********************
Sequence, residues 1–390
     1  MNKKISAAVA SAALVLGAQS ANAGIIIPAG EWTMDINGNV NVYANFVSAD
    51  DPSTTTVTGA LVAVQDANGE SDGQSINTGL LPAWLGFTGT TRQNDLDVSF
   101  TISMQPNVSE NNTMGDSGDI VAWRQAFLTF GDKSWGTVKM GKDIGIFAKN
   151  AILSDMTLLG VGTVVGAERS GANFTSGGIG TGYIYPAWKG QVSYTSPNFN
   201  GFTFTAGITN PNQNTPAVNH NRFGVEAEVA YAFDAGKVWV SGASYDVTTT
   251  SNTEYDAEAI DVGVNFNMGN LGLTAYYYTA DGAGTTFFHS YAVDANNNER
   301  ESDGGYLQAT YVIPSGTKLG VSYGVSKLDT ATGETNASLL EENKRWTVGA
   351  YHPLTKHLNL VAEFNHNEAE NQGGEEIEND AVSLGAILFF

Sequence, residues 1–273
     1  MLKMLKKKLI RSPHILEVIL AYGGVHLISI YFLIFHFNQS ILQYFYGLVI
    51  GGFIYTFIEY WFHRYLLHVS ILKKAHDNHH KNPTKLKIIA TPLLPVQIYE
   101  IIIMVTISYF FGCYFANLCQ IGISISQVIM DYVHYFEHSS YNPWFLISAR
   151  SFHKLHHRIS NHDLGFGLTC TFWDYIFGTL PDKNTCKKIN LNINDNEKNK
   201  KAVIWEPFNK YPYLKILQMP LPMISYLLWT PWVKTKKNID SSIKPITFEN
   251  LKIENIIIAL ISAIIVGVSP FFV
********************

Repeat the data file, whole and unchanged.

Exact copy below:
Sequence, residues 1–390
     1  MNKKISAAVA SAALVLGAQS ANAGIIIPAG EWTMDINGNV NVYANFVSAD
    51  DPSTTTVTGA LVAVQDANGE SDGQSINTGL LPAWLGFTGT TRQNDLDVSF
   101  TISMQPNVSE NNTMGDSGDI VAWRQAFLTF GDKSWGTVKM GKDIGIFAKN
   151  AILSDMTLLG VGTVVGAERS GANFTSGGIG TGYIYPAWKG QVSYTSPNFN
   201  GFTFTAGITN PNQNTPAVNH NRFGVEAEVA YAFDAGKVWV SGASYDVTTT
   251  SNTEYDAEAI DVGVNFNMGN LGLTAYYYTA DGAGTTFFHS YAVDANNNER
   301  ESDGGYLQAT YVIPSGTKLG VSYGVSKLDT ATGETNASLL EENKRWTVGA
   351  YHPLTKHLNL VAEFNHNEAE NQGGEEIEND AVSLGAILFF

Sequence, residues 1–273
     1  MLKMLKKKLI RSPHILEVIL AYGGVHLISI YFLIFHFNQS ILQYFYGLVI
    51  GGFIYTFIEY WFHRYLLHVS ILKKAHDNHH KNPTKLKIIA TPLLPVQIYE
   101  IIIMVTISYF FGCYFANLCQ IGISISQVIM DYVHYFEHSS YNPWFLISAR
   151  SFHKLHHRIS NHDLGFGLTC TFWDYIFGTL PDKNTCKKIN LNINDNEKNK
   201  KAVIWEPFNK YPYLKILQMP LPMISYLLWT PWVKTKKNID SSIKPITFEN
   251  LKIENIIIAL ISAIIVGVSP FFV